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After a highly volatile summer, the stock market is right back in correction territory. That makes it a good time to remind yourself that market corrections are an inevitable part of investing. They tend to take people by surprise, but the truth is that corrections happen fairly regularly. While that may sound intimidating, here’s the […]

A Chicago state senator has pleaded not guilty to charges of lying to the FBI and seeking a bribe to oppose legislation that would have required a statewide evaluation of red-light camera systems. Sen. Emil Jones III, the latest public official implicated in the bribery scheme, entered the plea by telephone Friday before U.S. District Judge Andrea Wood. Gov. J.B. Pritzker on Thursday called for Jones to resign his seat, one day after Jones stepped down from his unpaid post as deputy leader for the Senate Democrats and his $11,000-per-year committee chair position at the request of Senate President Don Harmon.

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Italian voters cast ballots on Sunday in an election that has been billed as crucial as Europe reels from the repercussions of war in Ukraine. Soaring energy costs mean many Italian families and businesses are struggling to stay afloat. Opinion polls indicate Giorgia Meloni's far-right Brothers of Italy party could be the biggest vote-getter, just ahead of the center-left Democratic Party of former Premier Enrico Letta. But a solid campaign alliance linking Meloni to her conservative allies gives her the advantage in determining who governs. Meloni would be Italy's first far-right premier and first female one in the post-war period. But experts say this Italian election could also set another record — one for the lowest-ever turnout.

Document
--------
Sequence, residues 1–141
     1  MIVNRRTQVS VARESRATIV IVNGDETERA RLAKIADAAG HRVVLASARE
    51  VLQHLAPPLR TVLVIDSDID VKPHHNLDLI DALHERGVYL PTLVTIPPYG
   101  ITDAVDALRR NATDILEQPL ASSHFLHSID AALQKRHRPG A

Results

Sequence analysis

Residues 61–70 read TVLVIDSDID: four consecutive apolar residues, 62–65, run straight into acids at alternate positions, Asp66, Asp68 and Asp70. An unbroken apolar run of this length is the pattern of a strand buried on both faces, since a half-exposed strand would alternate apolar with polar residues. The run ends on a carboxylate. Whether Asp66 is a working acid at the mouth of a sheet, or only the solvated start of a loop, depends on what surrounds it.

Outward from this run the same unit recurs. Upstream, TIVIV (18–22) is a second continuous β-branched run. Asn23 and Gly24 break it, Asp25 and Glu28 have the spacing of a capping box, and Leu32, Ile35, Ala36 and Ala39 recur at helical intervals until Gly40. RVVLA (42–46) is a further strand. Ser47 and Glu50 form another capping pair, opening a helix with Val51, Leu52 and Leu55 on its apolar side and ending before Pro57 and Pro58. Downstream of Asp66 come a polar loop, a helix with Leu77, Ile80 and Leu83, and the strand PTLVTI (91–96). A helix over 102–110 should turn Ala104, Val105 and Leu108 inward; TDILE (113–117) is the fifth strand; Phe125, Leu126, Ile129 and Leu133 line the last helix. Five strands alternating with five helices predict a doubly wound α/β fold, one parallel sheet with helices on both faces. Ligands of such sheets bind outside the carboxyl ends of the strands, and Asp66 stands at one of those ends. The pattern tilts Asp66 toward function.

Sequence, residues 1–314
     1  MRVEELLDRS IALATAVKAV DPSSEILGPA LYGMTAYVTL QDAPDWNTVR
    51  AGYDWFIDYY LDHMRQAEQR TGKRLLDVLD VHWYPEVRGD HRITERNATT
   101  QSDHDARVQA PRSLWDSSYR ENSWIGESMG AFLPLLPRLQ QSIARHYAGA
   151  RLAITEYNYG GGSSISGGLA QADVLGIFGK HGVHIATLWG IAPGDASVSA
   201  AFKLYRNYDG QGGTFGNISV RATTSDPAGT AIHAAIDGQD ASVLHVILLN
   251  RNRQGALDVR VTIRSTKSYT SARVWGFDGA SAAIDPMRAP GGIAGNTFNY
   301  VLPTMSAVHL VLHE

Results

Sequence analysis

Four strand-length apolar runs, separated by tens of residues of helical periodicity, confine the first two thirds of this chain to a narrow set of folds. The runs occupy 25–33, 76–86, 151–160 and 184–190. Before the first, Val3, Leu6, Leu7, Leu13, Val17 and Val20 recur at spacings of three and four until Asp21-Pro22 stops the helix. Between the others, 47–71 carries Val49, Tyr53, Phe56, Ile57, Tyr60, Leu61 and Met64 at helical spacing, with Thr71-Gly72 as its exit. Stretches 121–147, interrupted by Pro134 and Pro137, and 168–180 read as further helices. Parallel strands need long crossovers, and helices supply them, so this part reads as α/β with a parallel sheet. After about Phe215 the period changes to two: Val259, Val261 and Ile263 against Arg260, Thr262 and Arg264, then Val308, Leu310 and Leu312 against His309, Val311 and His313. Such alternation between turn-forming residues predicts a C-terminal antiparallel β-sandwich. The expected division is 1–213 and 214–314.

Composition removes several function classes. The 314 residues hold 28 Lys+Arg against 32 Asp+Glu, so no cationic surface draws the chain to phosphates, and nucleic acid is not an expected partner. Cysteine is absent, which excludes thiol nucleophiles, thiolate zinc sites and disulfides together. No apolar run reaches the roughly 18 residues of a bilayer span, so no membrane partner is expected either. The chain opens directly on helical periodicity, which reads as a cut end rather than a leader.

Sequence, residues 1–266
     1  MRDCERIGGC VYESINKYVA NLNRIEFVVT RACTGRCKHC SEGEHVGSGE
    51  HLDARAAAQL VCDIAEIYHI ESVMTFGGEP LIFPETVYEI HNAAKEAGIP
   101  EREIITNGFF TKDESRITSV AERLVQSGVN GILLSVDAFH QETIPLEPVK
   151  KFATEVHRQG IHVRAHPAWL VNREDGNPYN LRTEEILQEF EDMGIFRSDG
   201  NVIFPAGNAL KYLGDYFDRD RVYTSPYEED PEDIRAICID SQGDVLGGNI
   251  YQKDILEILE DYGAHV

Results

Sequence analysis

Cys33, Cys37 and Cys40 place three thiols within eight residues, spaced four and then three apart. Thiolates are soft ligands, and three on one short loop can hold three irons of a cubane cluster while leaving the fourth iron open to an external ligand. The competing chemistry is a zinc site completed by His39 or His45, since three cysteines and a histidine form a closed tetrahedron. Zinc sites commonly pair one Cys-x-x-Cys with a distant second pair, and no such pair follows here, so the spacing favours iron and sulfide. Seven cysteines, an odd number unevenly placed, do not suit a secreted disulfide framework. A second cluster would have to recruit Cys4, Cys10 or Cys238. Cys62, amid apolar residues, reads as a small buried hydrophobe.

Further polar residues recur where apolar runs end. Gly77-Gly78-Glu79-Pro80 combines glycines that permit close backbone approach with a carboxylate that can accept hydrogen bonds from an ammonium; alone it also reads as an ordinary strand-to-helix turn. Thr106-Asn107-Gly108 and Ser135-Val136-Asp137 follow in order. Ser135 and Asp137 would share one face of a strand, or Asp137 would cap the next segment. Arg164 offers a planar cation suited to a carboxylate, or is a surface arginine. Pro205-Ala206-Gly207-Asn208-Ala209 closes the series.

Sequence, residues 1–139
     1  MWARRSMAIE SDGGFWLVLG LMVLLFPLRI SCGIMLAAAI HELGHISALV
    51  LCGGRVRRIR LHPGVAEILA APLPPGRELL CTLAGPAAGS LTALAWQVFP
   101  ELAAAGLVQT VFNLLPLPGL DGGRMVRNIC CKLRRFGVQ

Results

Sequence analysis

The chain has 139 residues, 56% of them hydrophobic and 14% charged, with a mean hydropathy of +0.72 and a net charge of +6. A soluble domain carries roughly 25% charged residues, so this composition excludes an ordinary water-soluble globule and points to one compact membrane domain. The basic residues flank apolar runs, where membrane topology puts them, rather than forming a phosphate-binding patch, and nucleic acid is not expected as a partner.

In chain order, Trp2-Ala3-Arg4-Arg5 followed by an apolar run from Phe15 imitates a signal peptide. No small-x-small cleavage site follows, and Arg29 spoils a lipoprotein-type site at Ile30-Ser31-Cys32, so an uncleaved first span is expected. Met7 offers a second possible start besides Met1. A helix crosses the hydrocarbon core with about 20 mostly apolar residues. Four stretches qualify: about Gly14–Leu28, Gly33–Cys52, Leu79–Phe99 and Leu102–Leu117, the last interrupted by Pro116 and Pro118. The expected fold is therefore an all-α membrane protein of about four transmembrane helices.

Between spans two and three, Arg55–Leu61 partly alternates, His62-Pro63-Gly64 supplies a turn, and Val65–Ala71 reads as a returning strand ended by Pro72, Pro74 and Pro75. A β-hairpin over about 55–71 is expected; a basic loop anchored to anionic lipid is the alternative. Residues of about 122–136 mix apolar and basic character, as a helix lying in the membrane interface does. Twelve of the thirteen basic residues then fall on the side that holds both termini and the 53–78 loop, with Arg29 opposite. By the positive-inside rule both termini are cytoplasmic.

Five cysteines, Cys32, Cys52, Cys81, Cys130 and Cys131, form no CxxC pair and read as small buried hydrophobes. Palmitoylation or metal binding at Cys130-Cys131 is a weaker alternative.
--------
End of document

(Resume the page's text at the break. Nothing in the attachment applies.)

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A growing number of businesses including grocery stores and gas stations are temporarily closing across Puerto Rico as power outages caused by Hurricane Fiona drag on in the U.S. territory, sparking concern about the availability of fuel and basic goods. Handwritten signs warning of closures have been popping up more frequently, eliciting sighs and groans from customers on an island where 62% of 1.47 million clients still do not have power more than four days after the storm hit. Puerto Rico’s Department of Consumer Affairs says there is no shortage of fuel, but rather a disruption to the system as a result of flooding, landslides and an island-wide power outage caused by Fiona.